What it comes down to is that while people want to replace PVdC, there isn’t a good substitution material yet. Customers are making do for now and while some types of applications can get away with replacing PVdC with a more sustainable product, others cannot, particularly in the food industry where PVdC is vital for keeping food fresh and standing up to the full shipping process.

“They’re looking at what kind of products can be more sustainable from the packaging point of view,” Xiao says. “And then what kind of products, maybe two or three years from now, can be more sustainable. We incorporate those changes now so when the machinery ships it is prepared for potential change.”

Customer service plays a substantial role in Macro’s daily business, and is greatly appreciated by customers who can talk to Macro’s design engineers directly. “Even before they place the order we have pre-engineering meetings with them so the designers get to talk to the customers, and it really helps,” says Xiao.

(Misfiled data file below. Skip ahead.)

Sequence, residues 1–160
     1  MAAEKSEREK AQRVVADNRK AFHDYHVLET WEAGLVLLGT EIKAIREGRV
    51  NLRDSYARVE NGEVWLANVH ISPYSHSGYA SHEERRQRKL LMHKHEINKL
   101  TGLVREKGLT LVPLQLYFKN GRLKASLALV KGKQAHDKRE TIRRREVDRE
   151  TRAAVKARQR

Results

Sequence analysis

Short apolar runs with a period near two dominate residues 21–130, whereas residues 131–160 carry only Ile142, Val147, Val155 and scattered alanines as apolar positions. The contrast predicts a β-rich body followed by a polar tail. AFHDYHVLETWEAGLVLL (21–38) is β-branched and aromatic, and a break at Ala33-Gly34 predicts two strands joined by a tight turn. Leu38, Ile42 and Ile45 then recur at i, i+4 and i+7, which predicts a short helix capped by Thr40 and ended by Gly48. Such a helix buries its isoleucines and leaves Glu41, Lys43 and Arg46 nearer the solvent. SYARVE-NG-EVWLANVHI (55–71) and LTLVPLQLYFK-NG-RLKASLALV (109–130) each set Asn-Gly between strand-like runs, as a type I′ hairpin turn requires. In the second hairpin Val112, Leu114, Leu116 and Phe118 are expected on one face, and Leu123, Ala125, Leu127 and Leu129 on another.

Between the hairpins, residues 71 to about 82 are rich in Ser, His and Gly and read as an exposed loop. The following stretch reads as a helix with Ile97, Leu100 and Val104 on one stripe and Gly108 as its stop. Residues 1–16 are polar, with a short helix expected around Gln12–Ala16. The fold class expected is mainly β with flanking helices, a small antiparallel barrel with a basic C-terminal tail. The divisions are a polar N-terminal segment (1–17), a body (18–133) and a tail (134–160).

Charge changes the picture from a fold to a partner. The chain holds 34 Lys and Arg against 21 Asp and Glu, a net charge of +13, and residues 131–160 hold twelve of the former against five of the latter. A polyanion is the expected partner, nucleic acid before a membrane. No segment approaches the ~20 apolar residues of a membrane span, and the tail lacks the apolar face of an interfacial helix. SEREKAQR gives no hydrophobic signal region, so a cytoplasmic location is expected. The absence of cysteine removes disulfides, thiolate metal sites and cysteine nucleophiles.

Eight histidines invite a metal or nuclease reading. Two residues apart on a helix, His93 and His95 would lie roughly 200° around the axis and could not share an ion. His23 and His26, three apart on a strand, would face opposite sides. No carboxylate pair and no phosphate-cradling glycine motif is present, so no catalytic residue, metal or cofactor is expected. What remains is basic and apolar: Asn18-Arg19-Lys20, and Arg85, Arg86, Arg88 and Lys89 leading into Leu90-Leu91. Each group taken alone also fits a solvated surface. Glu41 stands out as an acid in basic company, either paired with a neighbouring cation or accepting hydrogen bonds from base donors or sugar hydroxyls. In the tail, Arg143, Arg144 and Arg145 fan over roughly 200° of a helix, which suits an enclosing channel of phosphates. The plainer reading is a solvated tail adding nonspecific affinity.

Along with changing regulations, Macro is still navigating the challenges of maneuvering through the supply chain issues following the pandemic. In the past few years, the company has been looking at different suppliers to eliminate the need for a single source of equipment for items such as CPUs, controllers, control modules, and drive modules.

In the years ahead, innovation, creativity, and customization will remain at the forefront for Macro.

Currently building a new lab line focused on sustainability, Macro’s impressive accomplishments include being one of only two companies in the world to pioneer the development of the dual lip air ring and also developing the first PVdC extrusion coating line to produce barrier PVC sheet for blister packaging in the pharmaceutical industry. The future promises much innovation; the demand is always there.

“As we are a machinery producer, we want to work with our customers as well as the resin [sector] to develop sustainable film,” says Xiao. “We want to use the pilot line to help customers, and to help ourselves develop different products and film structures. We’re hoping to have that ready for customer trials by mid-2024.”



This Plastic World

Read Our Current Issue


AI in the OR?

June 2024

Recycled Rubber and Plastic Bottles

May 2024

Daisy Chains and Golden Gates

April 2024

More Past Editions

Cover Story

Featured Articles